In an application where information is transmitted in frames of a small fixed length (in time units), with graph termination (reduced check node degrees for time units) following the last block of transmitted variable nodes, any error propagation will be limited and decoding will start fresh with the next frame. However, if is large, a significant number of blocks could be affected by error propagation, thus severely degrading performance. In a streaming application, with no termination, the situation could be catastrophic, resulting in a block error rate (BLER) that asymptotically tends to 1.
We now give an example illustrating the effect of this error propagation. The simulated BLER performance of SWD of a (3,6)-regular SC-LDPC code based on the coupled protograph in Fig. 1 is shown in Fig. 3, where and . The figure represents the simulation of a total of blocks (or bits), where is the frame length and is the number of frames simulated, for three different combinations of and . From the figure, we observe that, with increasing , the BLER performance becomes worse, even though there are relatively few error-propagation frames overall, thus confirming the above observation.^{2}^{2}2Fig. 3 represents only a narrow range of SNRs, below the threshold of the underlying LDPC-BC, where error propagation presents a significant problem. For larger values of and/or , SWD typically recovers from an error burst.
Iii Error Propagation Mitigation
In this section, we briefly review CN doping and then describe the new VN doping and window extension error propagation mitigation methods in detail.
Iii-a A Brief Review of CN Doped SC-LDPC Codes
In order to combat error propagation in SWD of SC-LDPC codes, a new CN doped SC-LDPC code design was proposed in [12]. The key idea of CN doped SC-LDPC codes lies in occasionally inserting additional check nodes into the protograph of a regular SC-LDPC code, which is referred to as check node doping. The resulting structured irregularity limits error propagation by emulating graph termination, as noted earlier. We now use (3,6)-regular SC-LDPC codes as an example to briefly review of the CN doping process and the corresponding decoding scheme.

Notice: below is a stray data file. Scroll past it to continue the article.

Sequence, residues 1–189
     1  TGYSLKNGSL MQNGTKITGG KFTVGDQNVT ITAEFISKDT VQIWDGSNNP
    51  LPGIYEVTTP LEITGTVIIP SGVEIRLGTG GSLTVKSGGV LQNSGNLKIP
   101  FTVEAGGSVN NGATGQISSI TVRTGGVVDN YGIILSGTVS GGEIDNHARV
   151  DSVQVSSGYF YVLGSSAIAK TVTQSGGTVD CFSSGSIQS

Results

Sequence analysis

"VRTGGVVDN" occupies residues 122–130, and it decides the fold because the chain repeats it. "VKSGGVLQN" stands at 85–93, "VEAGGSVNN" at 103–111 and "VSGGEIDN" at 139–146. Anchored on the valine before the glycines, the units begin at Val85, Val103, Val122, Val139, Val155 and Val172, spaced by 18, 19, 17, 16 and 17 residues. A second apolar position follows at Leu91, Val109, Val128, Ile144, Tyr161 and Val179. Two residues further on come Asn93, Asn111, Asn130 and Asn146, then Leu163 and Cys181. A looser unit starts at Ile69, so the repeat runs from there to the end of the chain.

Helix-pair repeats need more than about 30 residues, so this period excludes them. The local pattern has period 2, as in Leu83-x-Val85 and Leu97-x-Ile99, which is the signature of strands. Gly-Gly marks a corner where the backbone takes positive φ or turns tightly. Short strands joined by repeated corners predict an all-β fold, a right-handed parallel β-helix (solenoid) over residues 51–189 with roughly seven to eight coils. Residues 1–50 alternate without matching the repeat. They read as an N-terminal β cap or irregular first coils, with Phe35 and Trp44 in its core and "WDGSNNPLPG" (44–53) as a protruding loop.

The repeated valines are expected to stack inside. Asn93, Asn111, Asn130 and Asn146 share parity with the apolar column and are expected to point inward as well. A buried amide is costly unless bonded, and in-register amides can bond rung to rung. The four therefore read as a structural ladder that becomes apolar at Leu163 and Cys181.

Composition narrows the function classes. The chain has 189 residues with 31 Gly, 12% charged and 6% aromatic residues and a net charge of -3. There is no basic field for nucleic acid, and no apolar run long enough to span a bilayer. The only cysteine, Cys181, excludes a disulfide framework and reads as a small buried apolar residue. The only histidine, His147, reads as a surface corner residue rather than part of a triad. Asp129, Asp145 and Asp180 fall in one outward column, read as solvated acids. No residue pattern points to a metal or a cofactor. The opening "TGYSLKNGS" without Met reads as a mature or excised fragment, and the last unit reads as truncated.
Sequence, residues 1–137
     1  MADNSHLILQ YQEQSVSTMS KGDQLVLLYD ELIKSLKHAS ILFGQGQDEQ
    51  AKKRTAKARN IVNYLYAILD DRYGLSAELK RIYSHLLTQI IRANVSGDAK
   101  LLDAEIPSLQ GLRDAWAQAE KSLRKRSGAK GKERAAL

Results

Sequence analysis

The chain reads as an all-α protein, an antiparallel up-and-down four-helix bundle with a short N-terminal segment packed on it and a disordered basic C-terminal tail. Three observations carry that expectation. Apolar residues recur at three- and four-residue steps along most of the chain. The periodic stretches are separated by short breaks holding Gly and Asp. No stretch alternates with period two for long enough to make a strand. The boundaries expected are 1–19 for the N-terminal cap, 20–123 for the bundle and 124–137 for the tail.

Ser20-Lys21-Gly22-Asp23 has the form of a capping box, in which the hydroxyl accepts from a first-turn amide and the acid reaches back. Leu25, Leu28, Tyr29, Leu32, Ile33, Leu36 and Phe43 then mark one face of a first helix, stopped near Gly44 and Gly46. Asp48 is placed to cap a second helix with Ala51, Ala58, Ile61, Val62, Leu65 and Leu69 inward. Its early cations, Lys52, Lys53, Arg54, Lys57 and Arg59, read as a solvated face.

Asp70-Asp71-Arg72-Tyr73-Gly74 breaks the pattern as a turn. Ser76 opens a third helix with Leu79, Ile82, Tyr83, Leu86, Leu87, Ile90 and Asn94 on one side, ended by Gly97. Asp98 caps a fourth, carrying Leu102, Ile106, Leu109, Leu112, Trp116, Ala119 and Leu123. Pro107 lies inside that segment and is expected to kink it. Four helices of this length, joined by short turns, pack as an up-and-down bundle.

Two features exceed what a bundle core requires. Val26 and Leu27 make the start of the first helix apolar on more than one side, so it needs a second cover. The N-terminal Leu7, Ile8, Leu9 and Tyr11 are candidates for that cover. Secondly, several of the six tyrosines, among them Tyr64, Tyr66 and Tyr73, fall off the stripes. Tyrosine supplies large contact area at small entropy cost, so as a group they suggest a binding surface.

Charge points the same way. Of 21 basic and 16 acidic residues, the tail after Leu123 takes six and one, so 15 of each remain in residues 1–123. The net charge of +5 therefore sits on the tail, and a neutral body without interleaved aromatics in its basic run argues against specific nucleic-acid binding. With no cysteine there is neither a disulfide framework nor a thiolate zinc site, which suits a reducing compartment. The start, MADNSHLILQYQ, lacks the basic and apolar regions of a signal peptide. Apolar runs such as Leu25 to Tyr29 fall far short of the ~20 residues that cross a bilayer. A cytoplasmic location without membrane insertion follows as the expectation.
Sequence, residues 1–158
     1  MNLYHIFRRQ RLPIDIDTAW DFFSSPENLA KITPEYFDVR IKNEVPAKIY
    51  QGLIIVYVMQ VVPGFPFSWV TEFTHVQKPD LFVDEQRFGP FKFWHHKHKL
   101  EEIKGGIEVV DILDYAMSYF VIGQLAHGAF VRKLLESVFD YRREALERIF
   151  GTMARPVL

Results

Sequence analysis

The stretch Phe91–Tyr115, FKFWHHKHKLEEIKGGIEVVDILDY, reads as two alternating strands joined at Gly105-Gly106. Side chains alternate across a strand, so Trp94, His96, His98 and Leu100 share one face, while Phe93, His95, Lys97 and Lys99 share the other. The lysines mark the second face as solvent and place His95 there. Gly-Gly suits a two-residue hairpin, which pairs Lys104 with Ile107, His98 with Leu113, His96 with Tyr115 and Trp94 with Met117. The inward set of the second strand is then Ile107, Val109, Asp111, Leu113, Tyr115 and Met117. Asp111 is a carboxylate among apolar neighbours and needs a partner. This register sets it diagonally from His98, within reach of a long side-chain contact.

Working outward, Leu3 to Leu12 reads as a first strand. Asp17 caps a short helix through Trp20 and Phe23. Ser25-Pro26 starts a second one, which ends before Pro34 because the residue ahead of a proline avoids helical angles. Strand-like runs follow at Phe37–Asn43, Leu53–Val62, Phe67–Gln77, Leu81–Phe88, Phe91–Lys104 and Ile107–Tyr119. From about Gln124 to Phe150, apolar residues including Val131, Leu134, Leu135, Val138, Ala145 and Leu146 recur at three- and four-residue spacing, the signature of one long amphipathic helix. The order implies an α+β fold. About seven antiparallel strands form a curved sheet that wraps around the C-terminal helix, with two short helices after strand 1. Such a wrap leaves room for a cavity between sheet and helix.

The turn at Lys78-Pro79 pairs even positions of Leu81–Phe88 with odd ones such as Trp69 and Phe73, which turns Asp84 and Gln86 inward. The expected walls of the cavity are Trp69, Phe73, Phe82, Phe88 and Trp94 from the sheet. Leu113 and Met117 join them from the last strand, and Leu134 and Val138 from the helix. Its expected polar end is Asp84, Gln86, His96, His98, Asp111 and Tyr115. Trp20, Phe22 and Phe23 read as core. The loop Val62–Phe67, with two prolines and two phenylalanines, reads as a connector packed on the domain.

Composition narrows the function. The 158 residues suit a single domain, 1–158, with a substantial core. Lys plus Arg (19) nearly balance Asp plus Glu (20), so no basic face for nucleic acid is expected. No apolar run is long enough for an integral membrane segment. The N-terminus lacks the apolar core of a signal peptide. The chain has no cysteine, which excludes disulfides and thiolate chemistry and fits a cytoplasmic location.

Fig. 4 shows the construction and SWD schedule of CN doped (3,6)-regular SC-LDPC codes. The red VNs at time spread their three edges to the CNs at times , , and ; the red VNs at time spread their three edges to the CNs at times , , and , and so on. To decode a CN doped (3,6)-regular SC-LDPC code, the window shifting schedule of SWD applied to the doped coupled chain is altered compared to standard SWD. When a doping point (red VN pair) becomes the target block, the window shifts by one VN time unit to include one new block of VNs, as before, but it shifts by two CN time units to include two new blocks of CNs (and thus still including the same total number of CNs), as illustrated in Fig. 4.
Iii-B VN Doped SC-LDPC Codes
As an alternative to introducing occasional reduced-degree check nodes in the coupled chain (called CN doping) [12], here the encoder fixes (set to “0”) occasional variable nodes in the coupled chain, called VN doping, as shown Fig. 5, where each time unit represents a block of coded symbols. The VNs at time (the green empty circles) are doped by setting the coded bits corresponding to these VNs to be “0”. As a result, the CNs at times (colored red and shaded) can be viewed as degree-4, rather than degree 6, CNs, thus emulating CN doping without actually altering the graph structure. Similarly, if the VNs at time are doped, the CNs at times (colored red and shaded) can be viewed as degree-4 CNs.